One quick comment, aimed at nobody in particular, but when designers start designing scenarios based on how the game does work, as opposed to how they think it should work, then a lot of the complaints about "exploiting the engine" will vanish. For example, the dreaded, and oft-maligned "supply drain attack". If designers were to make their units start at 33% readiness, 1% supply, as a normal state, and adjust the supply stockpile rates, movement biases, and attrition divider settings accordingly, you will see that preparatory attacks will have substantially less effect. There is no golden rule that states that unit supply states must be <<<<<....this....>>>> big, or that. Some scenarios will play out better with high supply rates, and prep attacks, others will not. Design for effect, instead of some one to one relationship with some imagined "reality". At the end of the day, the operational focus of the game dictates that the primary gauge of whether one side or the other has won or lost is reflected in where the lines of counters stand on a virtual map, and how much "strength" each side has lost. Designers should keep that in the front of their minds, much more than whether 9th Bicycle Battalion had 6 25mm AT guns, or 12.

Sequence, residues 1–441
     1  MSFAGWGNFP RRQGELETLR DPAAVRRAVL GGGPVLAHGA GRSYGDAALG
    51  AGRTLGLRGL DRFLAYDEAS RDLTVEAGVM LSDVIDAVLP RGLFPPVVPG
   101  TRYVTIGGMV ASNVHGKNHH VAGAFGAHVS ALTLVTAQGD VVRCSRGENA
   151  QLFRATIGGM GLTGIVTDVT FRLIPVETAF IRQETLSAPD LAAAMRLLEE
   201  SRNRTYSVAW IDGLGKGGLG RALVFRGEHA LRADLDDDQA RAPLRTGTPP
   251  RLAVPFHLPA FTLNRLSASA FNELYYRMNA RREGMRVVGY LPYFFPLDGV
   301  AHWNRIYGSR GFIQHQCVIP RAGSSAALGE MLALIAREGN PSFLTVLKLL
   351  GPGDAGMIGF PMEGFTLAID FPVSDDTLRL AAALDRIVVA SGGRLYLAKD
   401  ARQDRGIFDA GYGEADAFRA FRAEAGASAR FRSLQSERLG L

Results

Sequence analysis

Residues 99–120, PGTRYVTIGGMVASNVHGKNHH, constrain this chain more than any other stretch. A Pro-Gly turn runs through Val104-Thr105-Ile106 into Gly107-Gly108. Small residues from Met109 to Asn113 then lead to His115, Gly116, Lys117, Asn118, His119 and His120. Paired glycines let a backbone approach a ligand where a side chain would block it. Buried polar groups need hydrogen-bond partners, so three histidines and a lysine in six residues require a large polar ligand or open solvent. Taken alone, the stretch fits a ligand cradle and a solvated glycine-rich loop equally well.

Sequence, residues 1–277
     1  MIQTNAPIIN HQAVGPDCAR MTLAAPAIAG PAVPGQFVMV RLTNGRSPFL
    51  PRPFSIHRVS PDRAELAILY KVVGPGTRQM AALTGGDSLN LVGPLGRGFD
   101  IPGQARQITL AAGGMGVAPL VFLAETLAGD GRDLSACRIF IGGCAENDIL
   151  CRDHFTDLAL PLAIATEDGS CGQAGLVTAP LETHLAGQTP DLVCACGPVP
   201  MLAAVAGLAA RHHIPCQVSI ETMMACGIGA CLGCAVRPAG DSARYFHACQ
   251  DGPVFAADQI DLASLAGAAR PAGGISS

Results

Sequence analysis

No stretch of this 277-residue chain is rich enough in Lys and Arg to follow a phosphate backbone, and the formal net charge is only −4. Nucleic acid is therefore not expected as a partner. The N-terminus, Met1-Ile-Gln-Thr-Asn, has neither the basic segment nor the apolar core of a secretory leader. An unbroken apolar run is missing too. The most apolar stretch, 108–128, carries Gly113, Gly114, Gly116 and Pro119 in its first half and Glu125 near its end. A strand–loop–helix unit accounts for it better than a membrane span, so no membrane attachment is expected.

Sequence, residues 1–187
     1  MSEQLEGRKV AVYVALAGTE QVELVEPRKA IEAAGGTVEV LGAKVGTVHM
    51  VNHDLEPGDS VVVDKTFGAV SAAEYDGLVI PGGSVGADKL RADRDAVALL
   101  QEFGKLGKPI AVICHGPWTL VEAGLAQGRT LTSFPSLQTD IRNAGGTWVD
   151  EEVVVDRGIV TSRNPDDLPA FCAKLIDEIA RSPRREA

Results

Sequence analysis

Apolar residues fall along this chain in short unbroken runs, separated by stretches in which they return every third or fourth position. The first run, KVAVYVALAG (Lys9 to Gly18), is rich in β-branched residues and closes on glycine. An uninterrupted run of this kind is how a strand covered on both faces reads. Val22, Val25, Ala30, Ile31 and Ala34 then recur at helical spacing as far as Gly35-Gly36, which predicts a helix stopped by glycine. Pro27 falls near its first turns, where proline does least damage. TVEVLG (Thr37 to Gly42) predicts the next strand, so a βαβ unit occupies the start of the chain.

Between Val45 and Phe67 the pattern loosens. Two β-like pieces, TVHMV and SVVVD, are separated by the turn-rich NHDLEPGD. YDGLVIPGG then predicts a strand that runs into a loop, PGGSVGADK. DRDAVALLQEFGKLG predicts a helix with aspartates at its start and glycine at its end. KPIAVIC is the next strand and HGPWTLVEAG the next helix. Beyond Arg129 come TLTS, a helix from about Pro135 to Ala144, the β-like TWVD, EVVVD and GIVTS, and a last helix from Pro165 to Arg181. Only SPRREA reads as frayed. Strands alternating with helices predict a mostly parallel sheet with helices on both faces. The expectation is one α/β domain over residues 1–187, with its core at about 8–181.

Edited for one focus too many
Glad I waded through to find that. Very nicely put.